a real person in a special studio, with sensors attached to key points on
the body (with some on the clothes or even the skin). The system provides
a computer all a person's coordinates while he or she is moving, which can
then be reproduced by the computer with great accuracy. The interesting
thing, of course, is that you can change the character while keeping the
movements intact; for instance, a realistic dancer can be turned into a
cartoon one, while continuing to do the same dance.
Another interesting development, in the field of virtual reality, is being
done at MediaLab. Every day, in France, you can see puppets being animated
in real time on the Canal+ cable network. Two classical puppet animators
wearing data gloves make the character act: one handles body movements,
the other works on the face. Of course, this sort of technique needs a very
powerful computer. More amazing, though, is that the system is used with
an interactive TV game: the players, sitting at home, call in to indicate
the route a pizza delivery man has to take through a city "built"
just for the game, which is seen in 3-D, in real time.
MediaLab, as its name implies, is a kind of laboratory that specializes
in TV production. In the field of virtual reality and real time 3-D animation,
they probably have a two or three year lead over everybody else.
Another spectacular system was created by I.N.A. (Institute National de
l'Audiovisuel). A background, a car, or any other solid object is photographed,
with several graphic targets included on the field or the object itself.
A computer then analyzes the movement with absolute accuracy and you can
then change whatever you want. For instance, you can put a synthetic car
in real landscape (like in a film made for Renault, the French automobile
company), or you can do the exact opposite and create a 3-D landscape for
a real car (used for advertising Italy's Lancia). I worked on these projects
and I can assure you that the system is very impressive.
So, What About the Pictures?
Companies specializing in 3-D each have their own unique styles. If you
want to generate a ride (dynamic cinema) the power of Ex Machina is the
best. If you want to do special effects for 35mm theatrical films, Duran
has the most experience (they just won a prize at Imagina for their work
on La cite des enfants perdus - The city of the lost chidren).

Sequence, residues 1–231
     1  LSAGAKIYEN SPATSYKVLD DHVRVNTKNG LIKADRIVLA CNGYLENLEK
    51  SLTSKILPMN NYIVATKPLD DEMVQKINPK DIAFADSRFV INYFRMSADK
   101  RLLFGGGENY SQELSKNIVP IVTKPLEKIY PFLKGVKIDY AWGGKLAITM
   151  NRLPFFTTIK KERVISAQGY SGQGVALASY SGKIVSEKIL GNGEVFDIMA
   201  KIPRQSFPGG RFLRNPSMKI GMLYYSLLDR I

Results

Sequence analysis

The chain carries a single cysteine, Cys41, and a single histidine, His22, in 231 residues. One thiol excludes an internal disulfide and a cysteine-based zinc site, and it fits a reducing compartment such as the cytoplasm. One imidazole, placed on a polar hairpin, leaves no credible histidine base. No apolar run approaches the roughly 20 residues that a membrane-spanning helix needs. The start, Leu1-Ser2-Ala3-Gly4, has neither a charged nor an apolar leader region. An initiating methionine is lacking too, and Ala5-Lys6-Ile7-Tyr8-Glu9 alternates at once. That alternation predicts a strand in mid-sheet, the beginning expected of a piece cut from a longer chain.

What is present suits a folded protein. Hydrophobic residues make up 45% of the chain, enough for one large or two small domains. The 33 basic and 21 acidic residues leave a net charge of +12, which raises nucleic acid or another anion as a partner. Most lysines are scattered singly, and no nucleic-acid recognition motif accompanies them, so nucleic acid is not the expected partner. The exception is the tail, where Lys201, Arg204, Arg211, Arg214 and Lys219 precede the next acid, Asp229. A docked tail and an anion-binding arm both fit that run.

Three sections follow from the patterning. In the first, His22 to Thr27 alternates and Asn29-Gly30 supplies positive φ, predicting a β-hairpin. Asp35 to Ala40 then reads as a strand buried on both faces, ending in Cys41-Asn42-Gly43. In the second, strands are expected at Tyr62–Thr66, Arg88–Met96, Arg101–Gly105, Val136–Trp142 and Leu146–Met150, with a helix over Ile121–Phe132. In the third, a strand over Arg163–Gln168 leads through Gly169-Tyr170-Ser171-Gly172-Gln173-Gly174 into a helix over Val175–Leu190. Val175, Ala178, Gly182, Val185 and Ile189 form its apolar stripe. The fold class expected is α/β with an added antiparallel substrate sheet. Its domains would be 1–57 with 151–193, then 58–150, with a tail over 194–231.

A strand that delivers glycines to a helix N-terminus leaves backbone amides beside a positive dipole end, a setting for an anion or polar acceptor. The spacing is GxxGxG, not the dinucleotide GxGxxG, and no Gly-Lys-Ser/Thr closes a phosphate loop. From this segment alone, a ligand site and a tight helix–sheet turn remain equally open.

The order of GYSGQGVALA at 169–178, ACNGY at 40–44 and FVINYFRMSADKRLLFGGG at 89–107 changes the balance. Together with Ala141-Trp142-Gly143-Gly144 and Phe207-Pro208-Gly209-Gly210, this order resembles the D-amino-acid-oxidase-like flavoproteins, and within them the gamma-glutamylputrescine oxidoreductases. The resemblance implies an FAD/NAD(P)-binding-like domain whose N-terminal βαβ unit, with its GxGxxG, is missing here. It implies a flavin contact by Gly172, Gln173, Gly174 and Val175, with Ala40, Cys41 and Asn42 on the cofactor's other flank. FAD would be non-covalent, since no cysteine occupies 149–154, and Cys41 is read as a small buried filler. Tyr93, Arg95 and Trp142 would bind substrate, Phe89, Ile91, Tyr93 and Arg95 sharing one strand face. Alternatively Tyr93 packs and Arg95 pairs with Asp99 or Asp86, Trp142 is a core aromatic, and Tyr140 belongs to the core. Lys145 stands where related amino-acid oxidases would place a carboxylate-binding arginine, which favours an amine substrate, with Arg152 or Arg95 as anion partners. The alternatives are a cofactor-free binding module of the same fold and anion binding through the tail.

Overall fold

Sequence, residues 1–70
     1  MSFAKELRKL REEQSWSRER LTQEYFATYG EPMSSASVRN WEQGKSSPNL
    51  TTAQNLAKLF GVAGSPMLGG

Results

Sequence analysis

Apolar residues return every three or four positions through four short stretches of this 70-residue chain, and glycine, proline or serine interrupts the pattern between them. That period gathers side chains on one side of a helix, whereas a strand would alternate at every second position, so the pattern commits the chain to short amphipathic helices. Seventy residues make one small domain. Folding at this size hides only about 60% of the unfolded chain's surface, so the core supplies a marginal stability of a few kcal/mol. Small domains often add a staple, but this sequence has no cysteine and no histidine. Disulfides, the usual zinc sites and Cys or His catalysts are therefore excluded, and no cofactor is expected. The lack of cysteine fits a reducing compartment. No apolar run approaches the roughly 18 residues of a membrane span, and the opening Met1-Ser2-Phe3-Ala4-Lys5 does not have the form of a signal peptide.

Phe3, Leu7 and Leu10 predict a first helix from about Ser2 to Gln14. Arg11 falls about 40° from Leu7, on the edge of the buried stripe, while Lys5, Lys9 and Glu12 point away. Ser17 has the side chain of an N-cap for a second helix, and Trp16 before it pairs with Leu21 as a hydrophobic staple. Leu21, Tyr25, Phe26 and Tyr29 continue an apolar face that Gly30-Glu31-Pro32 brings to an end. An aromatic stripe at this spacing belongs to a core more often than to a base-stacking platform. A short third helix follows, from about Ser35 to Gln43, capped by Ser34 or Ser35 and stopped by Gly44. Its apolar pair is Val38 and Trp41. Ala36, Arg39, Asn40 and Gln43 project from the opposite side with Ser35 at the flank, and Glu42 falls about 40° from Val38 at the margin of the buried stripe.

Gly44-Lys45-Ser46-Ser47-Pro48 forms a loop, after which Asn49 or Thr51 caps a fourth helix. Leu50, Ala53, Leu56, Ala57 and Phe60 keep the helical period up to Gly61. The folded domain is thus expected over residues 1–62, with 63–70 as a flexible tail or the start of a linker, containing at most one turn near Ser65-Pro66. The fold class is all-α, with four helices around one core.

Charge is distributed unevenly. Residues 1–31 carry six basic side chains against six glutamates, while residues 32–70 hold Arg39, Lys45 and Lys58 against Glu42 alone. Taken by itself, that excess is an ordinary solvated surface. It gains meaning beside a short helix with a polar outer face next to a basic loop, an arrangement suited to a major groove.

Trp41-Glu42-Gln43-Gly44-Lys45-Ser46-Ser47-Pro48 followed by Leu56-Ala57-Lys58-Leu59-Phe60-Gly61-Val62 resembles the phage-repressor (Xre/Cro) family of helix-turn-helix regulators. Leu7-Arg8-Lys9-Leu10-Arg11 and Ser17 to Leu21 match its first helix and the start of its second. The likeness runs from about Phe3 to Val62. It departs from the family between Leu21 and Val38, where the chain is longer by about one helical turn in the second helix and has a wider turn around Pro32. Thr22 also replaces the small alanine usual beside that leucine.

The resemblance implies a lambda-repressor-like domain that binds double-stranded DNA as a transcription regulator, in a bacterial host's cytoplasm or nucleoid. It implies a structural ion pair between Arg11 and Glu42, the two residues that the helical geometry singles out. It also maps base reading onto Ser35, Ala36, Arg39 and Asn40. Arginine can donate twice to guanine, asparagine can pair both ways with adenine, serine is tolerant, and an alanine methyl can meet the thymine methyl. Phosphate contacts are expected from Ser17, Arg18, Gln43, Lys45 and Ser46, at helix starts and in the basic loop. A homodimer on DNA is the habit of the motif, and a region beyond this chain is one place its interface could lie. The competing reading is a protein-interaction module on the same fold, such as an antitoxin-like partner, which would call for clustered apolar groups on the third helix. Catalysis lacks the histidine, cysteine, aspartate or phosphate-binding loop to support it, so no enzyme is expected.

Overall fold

The principal markets for these companies, which include both the domestic
and international markets, are: advertising films (including TV commercials)
done on videotape or 35mm film; the occasional industrial film; special
effects for feature films; TV specials; and films used for theme park rides
and exhibitions. Several studios work on video games, with the most important
company in this area being Cryo.
In Europe, France's major competitors are Great Britain, Italy, Germany
and Switzerland; other European countries have 3-D computer animation industries,
but most highly developed are in the UK or France. It is to these two countries
that European producers usually come to get to realize their projects.
© Olivier Cotte
Things have changed considerably since the first experiments came out of
the labs in the 1960s. We are now in the industrial age of computer animation.
It's difficult to guess what the future will be. The more advertising agencies
and film producers use these techniques, the more it will generate new talent
and fuel its growth. With the proliferation of personal computers, more
and more independent animators are bound to explore this fascinating world.
Art schools now include special courses in this area; prestigious schools,
such as the Ecole des Beaux Arts de Paris and the Ecole des Arts Decoratifs,
have 3-D computer animation departments. Several general consumer magazines,
including some in television, provide an increasing amount of information
to the public at large. The future is already here. The doors are wide open.
We just have to make it live.
© Olivier Cotte
Olivier Cotte is a Paris-based director and computer animation artist,
whose credits include Terra Igconita.